Enter the Hathrim giants, or ‘lavaborn’ whose kenning is fire. Where they live the trees that fuel their fire are long gone, but the giants are definitely not welcome anywhere else. They’re big, they’re violent, and they’re ruthless. When a volcano erupts and they are forced to evacuate, they take the opportunity to relocate. They don’t care that it’s in a place where they aren’t wanted.

I first read Kevin Hearne’s Iron Druid books and loved them (also the quirky The Tales of Pell), so was curious about this new venture, starting with A PLAGUE OF GIANTS. Think Avatar: The Last Airbender meets Jim Butcher’s Codex Alera series. Elemental magic, a variety of races, different lands. And it’s all thrown at you from page one.

But this story is told a little differently. It starts at the end of the war, after a difficult victory, and a bard with earth kenning uses his magic to re-tell the story of the war to a city of refugees. And it’s this movement back and forth in time and between key players in this war that we get a singularly grand view of the war as a whole. Hearne uses this method to great effect.

There are so many interesting characters in this book that I can’t cover them all here. Often in books like this such a large cast of ‘main’ character can make the storytelling suffer, especially since they don’t have a lot of interaction with each other for the first 3/4 of the book–but it doesn’t suffer, thankfully. And the characterization is good enough, despite these short bursts, that by the end we understand these people and care about what happens to them.

If there were a main character it would be Dervan, a historian who is assigned to record (also spy on?) the bard’s stories. He finds himself caught up in machinations he feels unfit to survive. Fintan is the bard from another country, who at first is rather mysterious and his true personality is hidden by the stories he tells; it takes a while to understand him. Gorin Mogen is the leader of the Hathrim giants who decide to find a new land to settle. He’s hard to like, but as far as villains go, you understand his motivations and he can be even a little convincing. There’s Abhi, the son of hunters, who decides hunting isn’t the life for him–and unexpectedly finds himself on a quest for the sixth kenning. And Gondel Vedd, a scholar of linguistics who finds himself tasked with finding a way to communicate with a race of giants never seen before (definitely not Hathrim) and stumbles onto a mystery no one could have guessed: there may be a seventh kenning.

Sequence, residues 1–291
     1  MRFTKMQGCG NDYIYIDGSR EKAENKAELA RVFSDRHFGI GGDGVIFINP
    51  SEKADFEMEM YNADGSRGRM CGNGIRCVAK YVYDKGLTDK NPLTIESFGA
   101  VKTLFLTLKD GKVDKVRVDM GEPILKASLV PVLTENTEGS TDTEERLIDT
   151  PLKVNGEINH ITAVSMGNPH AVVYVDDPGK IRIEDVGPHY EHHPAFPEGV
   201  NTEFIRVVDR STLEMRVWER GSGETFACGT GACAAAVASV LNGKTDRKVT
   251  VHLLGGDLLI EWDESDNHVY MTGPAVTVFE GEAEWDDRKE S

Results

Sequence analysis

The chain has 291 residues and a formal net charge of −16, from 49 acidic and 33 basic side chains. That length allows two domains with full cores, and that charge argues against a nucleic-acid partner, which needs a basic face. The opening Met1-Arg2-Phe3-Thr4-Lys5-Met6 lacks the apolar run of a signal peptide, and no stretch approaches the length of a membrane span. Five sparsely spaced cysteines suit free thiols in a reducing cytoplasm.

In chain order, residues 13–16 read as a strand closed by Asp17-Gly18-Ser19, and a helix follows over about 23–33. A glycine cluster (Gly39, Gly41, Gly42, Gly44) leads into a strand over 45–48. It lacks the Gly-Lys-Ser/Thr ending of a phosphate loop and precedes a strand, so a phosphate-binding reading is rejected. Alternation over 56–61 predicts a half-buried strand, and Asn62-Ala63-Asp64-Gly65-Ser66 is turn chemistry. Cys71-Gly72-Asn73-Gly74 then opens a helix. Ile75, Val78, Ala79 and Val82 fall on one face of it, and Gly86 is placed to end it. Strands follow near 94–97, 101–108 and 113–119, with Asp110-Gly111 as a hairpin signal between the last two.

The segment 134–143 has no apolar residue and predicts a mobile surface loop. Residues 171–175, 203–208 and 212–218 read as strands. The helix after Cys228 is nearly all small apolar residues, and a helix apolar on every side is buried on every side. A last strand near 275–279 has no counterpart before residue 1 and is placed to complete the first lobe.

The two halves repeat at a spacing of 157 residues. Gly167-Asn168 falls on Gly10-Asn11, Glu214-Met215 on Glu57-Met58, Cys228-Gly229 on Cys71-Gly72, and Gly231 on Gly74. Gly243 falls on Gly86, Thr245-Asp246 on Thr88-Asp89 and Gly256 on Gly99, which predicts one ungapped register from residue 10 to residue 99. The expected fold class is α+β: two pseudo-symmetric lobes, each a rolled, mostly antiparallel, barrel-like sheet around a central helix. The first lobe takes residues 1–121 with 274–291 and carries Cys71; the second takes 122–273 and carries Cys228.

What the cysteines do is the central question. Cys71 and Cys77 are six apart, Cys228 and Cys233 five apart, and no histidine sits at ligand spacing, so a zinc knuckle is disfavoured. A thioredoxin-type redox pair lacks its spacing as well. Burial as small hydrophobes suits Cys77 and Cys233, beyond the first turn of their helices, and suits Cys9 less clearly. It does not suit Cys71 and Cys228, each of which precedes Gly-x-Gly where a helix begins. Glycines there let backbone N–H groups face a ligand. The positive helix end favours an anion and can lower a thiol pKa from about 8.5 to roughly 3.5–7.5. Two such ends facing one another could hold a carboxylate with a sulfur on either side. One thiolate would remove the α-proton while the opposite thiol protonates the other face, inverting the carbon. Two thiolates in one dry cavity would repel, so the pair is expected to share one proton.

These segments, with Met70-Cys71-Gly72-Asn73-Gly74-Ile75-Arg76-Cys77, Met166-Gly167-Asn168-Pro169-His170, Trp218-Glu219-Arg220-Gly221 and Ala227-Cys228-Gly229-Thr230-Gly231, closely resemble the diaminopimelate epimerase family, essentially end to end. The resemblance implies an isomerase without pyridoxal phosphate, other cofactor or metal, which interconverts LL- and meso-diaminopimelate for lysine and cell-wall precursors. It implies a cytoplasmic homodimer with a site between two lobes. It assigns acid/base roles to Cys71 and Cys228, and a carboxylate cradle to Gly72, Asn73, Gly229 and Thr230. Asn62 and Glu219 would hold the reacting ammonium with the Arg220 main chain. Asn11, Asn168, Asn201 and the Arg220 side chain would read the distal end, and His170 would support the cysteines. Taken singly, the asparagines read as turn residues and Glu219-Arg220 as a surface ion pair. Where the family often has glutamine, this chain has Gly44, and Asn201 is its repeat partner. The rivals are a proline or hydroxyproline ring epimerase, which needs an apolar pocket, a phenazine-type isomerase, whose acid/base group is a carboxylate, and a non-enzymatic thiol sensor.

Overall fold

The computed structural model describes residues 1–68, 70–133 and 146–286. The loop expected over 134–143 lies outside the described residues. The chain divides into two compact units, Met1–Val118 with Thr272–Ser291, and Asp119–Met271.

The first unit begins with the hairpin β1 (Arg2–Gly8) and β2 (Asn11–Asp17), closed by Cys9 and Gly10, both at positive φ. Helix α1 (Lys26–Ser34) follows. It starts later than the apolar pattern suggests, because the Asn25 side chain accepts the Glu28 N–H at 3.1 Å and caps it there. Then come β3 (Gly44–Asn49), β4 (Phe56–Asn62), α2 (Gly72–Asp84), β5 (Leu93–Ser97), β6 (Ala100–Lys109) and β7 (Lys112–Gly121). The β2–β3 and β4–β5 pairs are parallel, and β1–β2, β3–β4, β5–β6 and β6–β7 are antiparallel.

There are other characters, but what makes them all interesting is that they’re regular people (well, maybe not Gorin Mogen or the viceroy–he’s a piece of work) who become heroes in their own little ways, whether it’s the teenage girl who isn’t afraid to share vital information, to the scholars who suddenly find how crucial their minds are to the survival of a nation, to the humble public servants who find bravery when they need it most. This is a story of loss, love, redemption, courage, unity, and overcoming despair to not give up. All very human experiences by simple people who do extraordinary things.

Hearne’s worldbuilding is engaging. He doesn’t bottle feed you, at first it feels like drinking from a hydrant, but then you settle in and pick up things along the way. Then he shows you stuff with a punch to the gut. This is no fluffy world with simple magic without price. All the magic has a price, and more often than not it leads you straight to death’s door. For most people just the seeking of the magic will kill you. I particularly enjoyed the scenes with Ahbi and his discovery of the sixth kenning and everything associated with it. But giants? I mean, really? It isn’t bad enough fighting people who can control fire that you have to add that they’re twice the size of normal people? For Hearne if it’s war, the stakes are pretty high, and it gets ugly.

The benefit of the storytelling style is that the book, despite its length, moves along steadily (Hearne is no novice, here). The bits of story lead you along without annoying cliffhangers (mostly), and I never got bored with the switch between characters. It was easy to move between them, and they were recognizable enough that I got lost or confused. The end of the novel felt a little abrupt, but I guess that has more to do with I was ready for the story to continue, despite the exiting climax.

If you’re looking for epic fantasy with fun storytelling and clever worldbuilding, check out A PLAGUE OF GIANTS.

The post A Plague of Giants appeared first on Elitist Book Reviews.

The Artwork Of Gary Choo

Gary Choo is a concept artist/illustrator based in Singapore. I’ve know Gary for a good many years ( 17, actually ), working together in animation studios in Singapore like Silicon Illusions and Lucasfilm. Gary currently runs an art team at Mighty Bear Games, but when time allows he also draws covers for Marvel comics, and they’re amazing –

The Art Of Gary Choo
The Art Of Gary Choo
The Art Of Gary Choo
The Art Of Gary Choo
The Art Of Gary Choo

To see more of Gary’s work or to engage him for freelance work, head down to his ArtStation.

The post The Art Of Gary Choo appeared first on Halcyon Realms – Art Book Reviews – Anime, Manga, Film, Photography.